GOELZ: And don't have backup aircraft. So I think this is going to be an interesting investigation. Thankfully, no one was injured, beyond the one or two that were badly burned. But this could have been a real disaster.

BLITZER: Yes. Could have been indeed. All right, guys, thanks very, very much. There's more breaking news we're following today here in THE SITUATION ROOM. The Pentagon now saying U.S. troops are engaged in combat in Iraq with ISIS forces.

Plus, Donald Trump claiming victory in the latest Republican presidential debate, speaking out about what he calls hatred between two of his rivals.


[17:19:22] BLITZER: We're following breaking news at the Pentagon. Top officials there now saying for the first time that U.S. troops are, in fact, engaged in combat in Iraq against ISIS terrorists.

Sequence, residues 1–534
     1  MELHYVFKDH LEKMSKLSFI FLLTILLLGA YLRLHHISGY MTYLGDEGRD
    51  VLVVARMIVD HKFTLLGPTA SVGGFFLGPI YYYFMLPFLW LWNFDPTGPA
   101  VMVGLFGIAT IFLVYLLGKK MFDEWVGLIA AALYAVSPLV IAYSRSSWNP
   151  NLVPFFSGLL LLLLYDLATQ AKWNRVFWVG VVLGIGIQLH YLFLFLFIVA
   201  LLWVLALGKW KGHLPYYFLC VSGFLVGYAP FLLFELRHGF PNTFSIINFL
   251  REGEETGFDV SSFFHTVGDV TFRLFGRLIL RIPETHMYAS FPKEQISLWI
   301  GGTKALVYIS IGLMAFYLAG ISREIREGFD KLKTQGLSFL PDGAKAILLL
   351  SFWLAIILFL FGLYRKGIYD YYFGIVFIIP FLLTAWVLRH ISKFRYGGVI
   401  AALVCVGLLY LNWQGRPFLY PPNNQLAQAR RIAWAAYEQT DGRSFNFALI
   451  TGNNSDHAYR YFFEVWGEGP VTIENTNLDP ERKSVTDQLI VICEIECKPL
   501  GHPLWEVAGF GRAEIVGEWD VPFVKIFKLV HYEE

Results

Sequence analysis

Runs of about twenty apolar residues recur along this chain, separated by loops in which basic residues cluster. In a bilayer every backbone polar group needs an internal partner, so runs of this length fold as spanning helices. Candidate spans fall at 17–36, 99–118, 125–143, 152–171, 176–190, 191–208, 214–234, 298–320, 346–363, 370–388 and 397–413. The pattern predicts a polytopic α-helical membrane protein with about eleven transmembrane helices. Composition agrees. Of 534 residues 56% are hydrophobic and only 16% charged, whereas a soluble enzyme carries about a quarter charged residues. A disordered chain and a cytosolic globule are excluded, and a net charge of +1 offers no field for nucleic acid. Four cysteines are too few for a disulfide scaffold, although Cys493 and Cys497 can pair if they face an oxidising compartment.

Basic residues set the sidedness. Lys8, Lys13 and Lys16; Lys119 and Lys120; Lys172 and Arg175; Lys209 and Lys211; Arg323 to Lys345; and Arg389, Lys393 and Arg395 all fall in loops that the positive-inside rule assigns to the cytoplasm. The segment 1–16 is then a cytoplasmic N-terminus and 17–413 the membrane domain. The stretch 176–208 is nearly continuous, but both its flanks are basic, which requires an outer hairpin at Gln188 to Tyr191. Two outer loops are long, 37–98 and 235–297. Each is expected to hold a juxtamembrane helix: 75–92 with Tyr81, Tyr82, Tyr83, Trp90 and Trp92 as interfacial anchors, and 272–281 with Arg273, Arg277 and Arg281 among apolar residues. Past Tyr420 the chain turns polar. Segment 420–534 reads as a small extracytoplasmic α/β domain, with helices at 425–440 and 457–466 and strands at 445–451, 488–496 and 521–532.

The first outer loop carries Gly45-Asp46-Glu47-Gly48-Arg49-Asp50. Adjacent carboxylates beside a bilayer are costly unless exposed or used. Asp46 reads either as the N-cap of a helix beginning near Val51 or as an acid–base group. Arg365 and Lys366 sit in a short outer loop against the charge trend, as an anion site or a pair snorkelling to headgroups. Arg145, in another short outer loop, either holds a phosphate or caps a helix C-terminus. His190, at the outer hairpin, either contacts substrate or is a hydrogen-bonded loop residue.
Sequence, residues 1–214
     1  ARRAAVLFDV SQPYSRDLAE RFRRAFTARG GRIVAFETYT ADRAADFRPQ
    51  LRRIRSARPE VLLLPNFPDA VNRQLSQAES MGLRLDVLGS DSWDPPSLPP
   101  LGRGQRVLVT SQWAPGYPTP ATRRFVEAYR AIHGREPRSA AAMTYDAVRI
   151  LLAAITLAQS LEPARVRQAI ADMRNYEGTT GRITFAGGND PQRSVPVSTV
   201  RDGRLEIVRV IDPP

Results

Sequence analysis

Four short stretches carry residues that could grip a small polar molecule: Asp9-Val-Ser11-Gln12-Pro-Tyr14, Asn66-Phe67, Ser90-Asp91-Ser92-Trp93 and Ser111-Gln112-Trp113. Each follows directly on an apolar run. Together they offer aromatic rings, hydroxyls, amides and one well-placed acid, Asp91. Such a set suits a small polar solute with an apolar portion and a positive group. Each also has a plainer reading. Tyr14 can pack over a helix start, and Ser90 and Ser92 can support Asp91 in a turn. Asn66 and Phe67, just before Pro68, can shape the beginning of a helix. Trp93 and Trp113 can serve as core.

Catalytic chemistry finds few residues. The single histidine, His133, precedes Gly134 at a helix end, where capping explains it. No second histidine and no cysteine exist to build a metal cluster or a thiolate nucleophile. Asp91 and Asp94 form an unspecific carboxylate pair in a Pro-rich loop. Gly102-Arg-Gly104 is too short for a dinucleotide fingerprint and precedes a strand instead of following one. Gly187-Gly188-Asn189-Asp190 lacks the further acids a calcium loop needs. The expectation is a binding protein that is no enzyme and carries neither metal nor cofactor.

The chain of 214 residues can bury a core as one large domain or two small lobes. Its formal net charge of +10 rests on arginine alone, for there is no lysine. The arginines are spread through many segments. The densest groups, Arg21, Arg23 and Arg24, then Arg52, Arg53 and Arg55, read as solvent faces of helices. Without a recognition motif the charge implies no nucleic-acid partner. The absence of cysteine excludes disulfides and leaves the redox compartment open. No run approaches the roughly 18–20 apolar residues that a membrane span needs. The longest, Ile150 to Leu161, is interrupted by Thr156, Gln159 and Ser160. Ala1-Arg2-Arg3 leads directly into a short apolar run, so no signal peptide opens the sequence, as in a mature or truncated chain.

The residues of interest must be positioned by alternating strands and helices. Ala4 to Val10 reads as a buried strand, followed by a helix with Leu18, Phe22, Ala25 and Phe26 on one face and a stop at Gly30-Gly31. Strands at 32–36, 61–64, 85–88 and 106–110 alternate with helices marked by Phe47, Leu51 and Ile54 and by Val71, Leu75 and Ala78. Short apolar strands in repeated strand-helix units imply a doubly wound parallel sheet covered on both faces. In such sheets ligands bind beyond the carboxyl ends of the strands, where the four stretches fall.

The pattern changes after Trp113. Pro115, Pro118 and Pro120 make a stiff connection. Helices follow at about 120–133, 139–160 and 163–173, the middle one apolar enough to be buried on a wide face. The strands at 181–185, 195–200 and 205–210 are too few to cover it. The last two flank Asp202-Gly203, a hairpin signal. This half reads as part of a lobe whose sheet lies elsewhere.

Until now they've characterized their role as advising and assisting Iraqi troops. With the death of a U.S. commando in a mission to rescue ISIS hostages has underscored the real nature of this new U.S. mission.

Our Pentagon correspondent, Barbara, Starr is joining us with more. I take it this represents a pretty significant change, Barbara.

BARBARA STARR, CNN PENTAGON CORRESPONDENT: Well, Wolf, I think there's some very interesting subtleties here for Americans to realize. What you're seeing is military personnel, military officials in uniform acknowledging what is so obvious to them, and that is that U.S. troops are in harm's way. We've seen the first American soldier killed in action. And of course, it's combat. That is what they are saying.